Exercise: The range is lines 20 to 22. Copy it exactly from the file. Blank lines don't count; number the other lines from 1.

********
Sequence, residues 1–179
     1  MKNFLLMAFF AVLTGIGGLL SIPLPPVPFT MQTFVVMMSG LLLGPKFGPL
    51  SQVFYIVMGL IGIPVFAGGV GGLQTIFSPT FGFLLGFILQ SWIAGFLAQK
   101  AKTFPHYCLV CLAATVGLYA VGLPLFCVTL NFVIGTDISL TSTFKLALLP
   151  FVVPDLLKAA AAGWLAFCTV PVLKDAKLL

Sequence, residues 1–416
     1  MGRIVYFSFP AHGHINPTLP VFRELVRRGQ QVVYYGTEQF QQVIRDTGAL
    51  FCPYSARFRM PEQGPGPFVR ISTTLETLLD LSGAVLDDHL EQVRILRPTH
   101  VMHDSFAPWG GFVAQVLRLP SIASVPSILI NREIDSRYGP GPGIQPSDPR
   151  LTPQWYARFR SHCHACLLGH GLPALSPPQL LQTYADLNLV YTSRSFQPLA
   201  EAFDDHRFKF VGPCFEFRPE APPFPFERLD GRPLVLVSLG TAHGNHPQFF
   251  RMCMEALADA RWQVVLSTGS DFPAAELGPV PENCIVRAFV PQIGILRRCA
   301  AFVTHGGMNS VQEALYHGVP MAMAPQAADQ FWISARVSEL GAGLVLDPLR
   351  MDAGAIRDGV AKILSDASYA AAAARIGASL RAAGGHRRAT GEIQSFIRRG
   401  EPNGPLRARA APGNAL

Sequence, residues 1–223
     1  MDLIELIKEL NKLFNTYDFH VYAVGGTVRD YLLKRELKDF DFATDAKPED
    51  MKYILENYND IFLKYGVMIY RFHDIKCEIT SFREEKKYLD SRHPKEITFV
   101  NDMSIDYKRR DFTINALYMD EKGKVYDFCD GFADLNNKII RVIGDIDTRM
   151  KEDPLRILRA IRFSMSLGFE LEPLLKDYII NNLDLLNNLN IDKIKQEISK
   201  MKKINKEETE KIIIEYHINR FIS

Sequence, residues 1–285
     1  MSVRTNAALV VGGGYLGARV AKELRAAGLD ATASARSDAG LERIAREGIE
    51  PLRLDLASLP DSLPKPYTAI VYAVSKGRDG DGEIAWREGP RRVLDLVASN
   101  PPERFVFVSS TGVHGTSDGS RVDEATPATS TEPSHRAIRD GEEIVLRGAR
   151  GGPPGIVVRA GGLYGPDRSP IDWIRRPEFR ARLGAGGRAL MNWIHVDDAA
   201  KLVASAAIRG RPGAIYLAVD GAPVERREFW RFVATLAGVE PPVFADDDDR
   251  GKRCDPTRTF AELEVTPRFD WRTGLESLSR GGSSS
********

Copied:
   151  KEDPLRILRA IRFSMSLGFE LEPLLKDYII NNLDLLNNLN IDKIKQEISK
   201  MKKINKEETE KIIIEYHINR FIS

Sequence, residues 1–285